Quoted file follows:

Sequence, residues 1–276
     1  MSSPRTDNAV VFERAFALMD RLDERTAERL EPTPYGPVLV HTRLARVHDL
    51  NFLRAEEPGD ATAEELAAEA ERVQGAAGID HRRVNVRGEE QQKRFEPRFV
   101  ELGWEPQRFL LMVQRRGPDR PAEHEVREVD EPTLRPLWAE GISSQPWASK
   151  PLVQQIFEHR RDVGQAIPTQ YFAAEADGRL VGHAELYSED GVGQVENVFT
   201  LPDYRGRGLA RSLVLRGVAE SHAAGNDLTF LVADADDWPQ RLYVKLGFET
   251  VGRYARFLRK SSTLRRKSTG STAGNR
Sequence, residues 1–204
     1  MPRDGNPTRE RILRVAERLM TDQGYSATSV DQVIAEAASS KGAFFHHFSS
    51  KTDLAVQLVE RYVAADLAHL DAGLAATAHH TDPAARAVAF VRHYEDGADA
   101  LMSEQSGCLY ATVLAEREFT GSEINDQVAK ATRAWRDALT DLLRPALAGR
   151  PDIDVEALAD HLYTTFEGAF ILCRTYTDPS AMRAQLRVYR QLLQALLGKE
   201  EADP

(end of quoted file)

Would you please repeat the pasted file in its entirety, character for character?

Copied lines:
Sequence, residues 1–276
     1  MSSPRTDNAV VFERAFALMD RLDERTAERL EPTPYGPVLV HTRLARVHDL
    51  NFLRAEEPGD ATAEELAAEA ERVQGAAGID HRRVNVRGEE QQKRFEPRFV
   101  ELGWEPQRFL LMVQRRGPDR PAEHEVREVD EPTLRPLWAE GISSQPWASK
   151  PLVQQIFEHR RDVGQAIPTQ YFAAEADGRL VGHAELYSED GVGQVENVFT
   201  LPDYRGRGLA RSLVLRGVAE SHAAGNDLTF LVADADDWPQ RLYVKLGFET
   251  VGRYARFLRK SSTLRRKSTG STAGNR
Sequence, residues 1–204
     1  MPRDGNPTRE RILRVAERLM TDQGYSATSV DQVIAEAASS KGAFFHHFSS
    51  KTDLAVQLVE RYVAADLAHL DAGLAATAHH TDPAARAVAF VRHYEDGADA
   101  LMSEQSGCLY ATVLAEREFT GSEINDQVAK ATRAWRDALT DLLRPALAGR
   151  PDIDVEALAD HLYTTFEGAF ILCRTYTDPS AMRAQLRVYR QLLQALLGKE
   201  EADP